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Structural Reforms The Key To Lowering Inflation and Fiscal Deficit

So, really what was the first and the most important thing that needed to be done when this government came to power in 2014, was to impose some sort of an order on the system. So, what was the first reform that this government attempted to do was to introduce something called the “monetary policy committee”, with very very strict targets for inflation control. Why this was because, until you have anchored inflation, nothing else can work. So, the RBI act was amended, a monetary policy committee was formed, with very clear target of an average of 4%, a midpoint of 4% with a range of 2% points on either side. So, a range of 2-6% for inflation. And this has been hugely successful. So, nobody imagined that we would manage to lower our inflation rate which used to run historically in the 8-10% range. In fact, very often was it double digits, to one where we are very comfortably managing to control inflation.

So much, so, some people would argue we have been too successful in fact the only time inflation has actually hit the edges of the target range is actually to the down side. It went out of it in 2017, and we are actually hitting it as we speak right now. The inflation as we speak is around 2%. And there is some argument, to say, it may even be overstating the number. So, this is a huge huge achievement. Any other country that was attempting to do structurally lower inflation by 500 basis points or thereabouts of what we were attempting to do, would have gone in to a complete recession. And yet we have done it. It’s not something we are claiming to do. We have done it. Yes, it was very painful. Because when you suddenly lower inflation in this way, real interest rates go spiraling out. And of course, it causes pain, particularly to the business community. But generally, even to the government, because obviously the real interest rate it was paying on government debt went spiraling out as well. So, what we ended up with of course was painful. For example, even today a small business pays 12% on its debt. With inflation running at just 2% you can imagine the thousand basis point real interest rate is being paid by the business community. Very very painful. And I will come back to this issue a little bit later. But, the first step in terms of radically lowering inflation rates has already been achieved.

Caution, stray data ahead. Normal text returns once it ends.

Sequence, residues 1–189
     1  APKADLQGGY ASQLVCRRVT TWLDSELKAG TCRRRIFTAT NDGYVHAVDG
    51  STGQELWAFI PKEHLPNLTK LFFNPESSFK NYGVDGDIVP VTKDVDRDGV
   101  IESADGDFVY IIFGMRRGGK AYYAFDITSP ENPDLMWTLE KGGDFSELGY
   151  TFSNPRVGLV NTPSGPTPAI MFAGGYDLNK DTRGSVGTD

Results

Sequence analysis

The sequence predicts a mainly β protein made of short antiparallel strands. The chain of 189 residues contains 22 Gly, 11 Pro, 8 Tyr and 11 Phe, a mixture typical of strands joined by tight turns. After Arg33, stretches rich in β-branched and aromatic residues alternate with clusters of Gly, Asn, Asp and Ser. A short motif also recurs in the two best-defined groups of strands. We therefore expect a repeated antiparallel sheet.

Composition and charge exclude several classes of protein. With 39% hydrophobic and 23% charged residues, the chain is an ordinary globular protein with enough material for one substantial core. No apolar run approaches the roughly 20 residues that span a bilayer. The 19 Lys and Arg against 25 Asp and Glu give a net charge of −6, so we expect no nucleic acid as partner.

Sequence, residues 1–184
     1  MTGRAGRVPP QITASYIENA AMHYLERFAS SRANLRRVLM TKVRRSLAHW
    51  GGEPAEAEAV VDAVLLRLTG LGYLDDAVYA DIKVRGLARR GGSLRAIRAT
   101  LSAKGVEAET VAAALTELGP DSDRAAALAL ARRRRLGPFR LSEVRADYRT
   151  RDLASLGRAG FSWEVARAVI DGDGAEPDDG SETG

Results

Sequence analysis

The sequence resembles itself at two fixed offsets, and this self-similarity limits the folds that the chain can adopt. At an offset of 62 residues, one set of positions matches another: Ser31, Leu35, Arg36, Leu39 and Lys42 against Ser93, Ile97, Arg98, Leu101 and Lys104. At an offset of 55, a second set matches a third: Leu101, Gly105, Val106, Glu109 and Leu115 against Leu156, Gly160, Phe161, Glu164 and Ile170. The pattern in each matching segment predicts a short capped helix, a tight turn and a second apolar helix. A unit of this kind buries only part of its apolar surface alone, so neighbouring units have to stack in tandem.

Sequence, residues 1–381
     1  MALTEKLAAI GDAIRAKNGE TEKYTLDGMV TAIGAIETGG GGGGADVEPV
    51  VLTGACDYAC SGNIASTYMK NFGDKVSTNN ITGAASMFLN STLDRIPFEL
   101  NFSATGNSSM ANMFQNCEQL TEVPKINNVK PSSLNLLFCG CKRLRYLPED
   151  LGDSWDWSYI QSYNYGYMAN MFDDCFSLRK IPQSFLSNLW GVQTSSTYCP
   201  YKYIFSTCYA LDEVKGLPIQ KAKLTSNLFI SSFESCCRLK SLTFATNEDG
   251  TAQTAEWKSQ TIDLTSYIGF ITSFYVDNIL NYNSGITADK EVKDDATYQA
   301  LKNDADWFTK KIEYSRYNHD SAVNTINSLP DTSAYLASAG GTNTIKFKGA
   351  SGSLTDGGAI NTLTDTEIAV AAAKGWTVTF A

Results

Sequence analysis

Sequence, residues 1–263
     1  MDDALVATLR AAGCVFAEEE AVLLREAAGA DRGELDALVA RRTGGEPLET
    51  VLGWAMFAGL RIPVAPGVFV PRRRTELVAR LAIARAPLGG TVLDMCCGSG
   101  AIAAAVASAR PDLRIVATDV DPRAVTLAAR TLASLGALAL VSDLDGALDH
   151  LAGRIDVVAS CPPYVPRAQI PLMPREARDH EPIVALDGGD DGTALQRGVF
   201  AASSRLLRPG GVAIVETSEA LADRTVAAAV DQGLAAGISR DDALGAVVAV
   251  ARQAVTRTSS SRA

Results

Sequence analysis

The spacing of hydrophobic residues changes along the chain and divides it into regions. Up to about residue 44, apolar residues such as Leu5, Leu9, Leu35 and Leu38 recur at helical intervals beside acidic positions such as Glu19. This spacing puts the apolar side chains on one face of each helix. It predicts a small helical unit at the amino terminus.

Now, why is this such a great and important achievement. Because, you see, until you have anchored inflation on a long-term basis, on a structural basis, you cannot bring down the cost of capital. And why do we need to bring down the cost of capital? Well because if you don’t bring down the cost of capital, then all the other problems that we try to solve will not get solved. So, for example, we talk about the fiscal deficit. Now, the primary deficit, i.e., the deficit of the central government excluding the amount that we pay on existing debt is only 0.2% of GDP. In other words, for all the things that the finance minister actually has control over is actually doing a very good job.

We only have a primary deficit of 0.2% of the GDP. So where does 3.4% of GDP deficit come from? Well all of the rest is, interest payments on past accumulation of debt. So really we are all running very very fast, just to stay at the same place. And until you can structurally lower the cost of capital, you cannot fix the fiscal deficit.

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